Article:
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  • What is my age:
  • 57
  • Eyes colour:
  • Huge hazel green eyes
  • What is my sex:
  • Girl
  • My hair:
  • Short chestnut hair
  • I can speak:
  • English
  • My Zodiac sign:
  • Scorpio
  • Other hobbies:
  • Singing
  • Smoker:
  • No


You can go to any walk-in clinic, it does not have to be near where you live. Dose 1 and dose 2 walk-in clinics are open on specific days and times at vaccination centres. If you show up outside of these times, you will not be vaccinated. Children aged 12 to 15 must attend with a parent or guardian. Children attending alone will not be vaccinated.


This dictionary of British slang includes popular words and phrases that you might hear in the UK and will help you with your own spoken English. Ace — is used to describe something that is awesome.

A word that is popular in the north and amongst youngsters. A load of tosh — is used to describe something that is not very good. This idiom has nothing to do with the surname or the place. Bees knees — the phrase does not relate to bees or knees but is an idiom for excellent.

No one is about to literally bite off any part of your anatomy. It is used to describe willingness. Brassed off — considering the Brits are good at hiding their emotions we still have plenty of words to describe when we are not happy with something. However, it was originally used to describe loose change in your pocket. Today it is more commonly used to say everything is OK. Cheerio — No it is not just a breakfast cereal but also one of the many words used to say goodbye in the UK. Cheesed off — is a quirky euphemism for being unhappy.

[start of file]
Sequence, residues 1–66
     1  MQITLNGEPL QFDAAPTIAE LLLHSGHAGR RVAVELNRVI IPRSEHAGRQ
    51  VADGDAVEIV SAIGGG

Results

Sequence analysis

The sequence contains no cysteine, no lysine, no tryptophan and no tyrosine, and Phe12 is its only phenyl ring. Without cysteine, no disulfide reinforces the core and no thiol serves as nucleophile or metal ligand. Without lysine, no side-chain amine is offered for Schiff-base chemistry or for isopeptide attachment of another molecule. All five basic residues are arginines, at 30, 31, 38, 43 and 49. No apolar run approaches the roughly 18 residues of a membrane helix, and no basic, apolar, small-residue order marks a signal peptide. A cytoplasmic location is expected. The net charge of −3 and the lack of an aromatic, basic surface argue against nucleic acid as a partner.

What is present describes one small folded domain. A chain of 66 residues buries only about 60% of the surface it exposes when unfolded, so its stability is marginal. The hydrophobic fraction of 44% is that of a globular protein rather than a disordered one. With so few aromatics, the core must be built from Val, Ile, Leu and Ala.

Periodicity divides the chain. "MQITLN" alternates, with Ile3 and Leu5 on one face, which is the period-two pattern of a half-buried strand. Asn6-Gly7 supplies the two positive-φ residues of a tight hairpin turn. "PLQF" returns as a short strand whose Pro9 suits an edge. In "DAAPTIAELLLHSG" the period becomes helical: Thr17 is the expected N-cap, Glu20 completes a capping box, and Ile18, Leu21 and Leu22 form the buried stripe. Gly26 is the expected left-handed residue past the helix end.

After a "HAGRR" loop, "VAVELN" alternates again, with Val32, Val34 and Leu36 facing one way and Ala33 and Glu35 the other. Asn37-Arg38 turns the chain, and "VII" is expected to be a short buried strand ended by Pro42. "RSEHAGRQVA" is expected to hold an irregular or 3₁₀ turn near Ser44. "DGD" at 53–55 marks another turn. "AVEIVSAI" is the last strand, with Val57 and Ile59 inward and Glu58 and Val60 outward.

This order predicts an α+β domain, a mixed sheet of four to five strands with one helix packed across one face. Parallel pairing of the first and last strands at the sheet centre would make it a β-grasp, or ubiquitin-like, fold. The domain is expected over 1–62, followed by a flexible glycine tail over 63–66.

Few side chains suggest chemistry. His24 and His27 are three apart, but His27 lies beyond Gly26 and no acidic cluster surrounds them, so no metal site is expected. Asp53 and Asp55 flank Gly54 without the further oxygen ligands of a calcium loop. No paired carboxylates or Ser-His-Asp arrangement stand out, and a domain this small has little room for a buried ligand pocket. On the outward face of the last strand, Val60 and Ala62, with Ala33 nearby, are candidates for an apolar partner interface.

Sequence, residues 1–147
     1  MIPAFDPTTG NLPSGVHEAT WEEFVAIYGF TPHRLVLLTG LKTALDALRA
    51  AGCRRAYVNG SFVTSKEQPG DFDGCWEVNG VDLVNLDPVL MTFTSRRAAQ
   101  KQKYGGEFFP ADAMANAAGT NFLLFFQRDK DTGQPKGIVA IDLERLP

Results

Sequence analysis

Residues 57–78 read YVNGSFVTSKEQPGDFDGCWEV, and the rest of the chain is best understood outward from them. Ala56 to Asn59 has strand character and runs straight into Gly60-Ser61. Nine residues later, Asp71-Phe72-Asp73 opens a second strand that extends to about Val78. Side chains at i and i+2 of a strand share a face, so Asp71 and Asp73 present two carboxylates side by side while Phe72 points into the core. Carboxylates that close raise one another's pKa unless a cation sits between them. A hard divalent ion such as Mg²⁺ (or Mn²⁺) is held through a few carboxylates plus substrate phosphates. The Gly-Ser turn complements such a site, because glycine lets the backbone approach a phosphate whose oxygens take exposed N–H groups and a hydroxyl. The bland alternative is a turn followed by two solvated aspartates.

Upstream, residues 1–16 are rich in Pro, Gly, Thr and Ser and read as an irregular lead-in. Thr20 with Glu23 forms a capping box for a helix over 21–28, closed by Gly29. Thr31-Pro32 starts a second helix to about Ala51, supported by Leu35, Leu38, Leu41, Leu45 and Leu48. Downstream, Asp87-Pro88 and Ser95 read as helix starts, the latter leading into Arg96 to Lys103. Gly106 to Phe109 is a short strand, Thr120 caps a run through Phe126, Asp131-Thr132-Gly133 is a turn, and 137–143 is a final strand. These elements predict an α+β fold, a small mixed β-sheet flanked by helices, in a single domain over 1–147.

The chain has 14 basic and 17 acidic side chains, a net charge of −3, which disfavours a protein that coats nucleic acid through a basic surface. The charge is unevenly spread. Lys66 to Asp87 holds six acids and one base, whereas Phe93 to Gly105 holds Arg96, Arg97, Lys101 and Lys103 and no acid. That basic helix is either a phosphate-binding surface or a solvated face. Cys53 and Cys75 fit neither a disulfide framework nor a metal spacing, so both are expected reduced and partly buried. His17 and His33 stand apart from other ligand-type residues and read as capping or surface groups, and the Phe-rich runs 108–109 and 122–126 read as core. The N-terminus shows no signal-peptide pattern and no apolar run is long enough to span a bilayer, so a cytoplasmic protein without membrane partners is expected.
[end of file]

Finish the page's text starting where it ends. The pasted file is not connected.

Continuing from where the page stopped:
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Obviously, you would be unhappy if your cheese went off! Chin wag — means to have a long chat and its origins come from a Welsh word meaning empty. Daft cow —is used amongst friends and is an affectionate way of making fun of a female friend when they have done or said something silly. Be aware the meaning changes dramatically when you say this to a stranger! Easy peasy — A fun and childish way of expressing something is easy to do or understand.

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We dare you to use it next time your lecturer is explaining something. Effing and blinding — this expression is used to describe someone who is using unpleasant language. Elevenses — a mid-morning snack before lunch that normally includes a cup of tea and a biscuit. Earful — is an expression used to describe someone who is being told off.

For crying out loud — This is a replacement for a rude word. Flogging a dead horse — to try and find a solution to a problem that is unsolvable. Gobsmacked — if you are gobsmacked you are amazed by something or someone.

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In a good or bad way! The association with digging for food morphed into the slang we use today. Gobby — is used to describe someone who talks a lot and has a lot of opinions, and not necessarily in a good way.

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Hammered — is the slang word used to describe someone who is very drunk. You can say someone is tipsy if they appear to be a bit drunk. Get it? The origins of this saying refer to the brass handles on doors which get very cold. This bit makes sense but the monkeys bit of this saying is baffling, even to the Brits. Jar — is slang for a pint of beer.

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Kerfuffle — is a fuss or commotion. Keep your hair on — can you lose your hair if you get too angry or excited? Last order — you will hear bar staff, in pubs, shout this and ring a bell at 11pm or at Lurgy — if someone has the lurgy stay away. It means they are ill and possibly contagious. Let down — can be used in a multitude of ways and means you thought the experience was not good.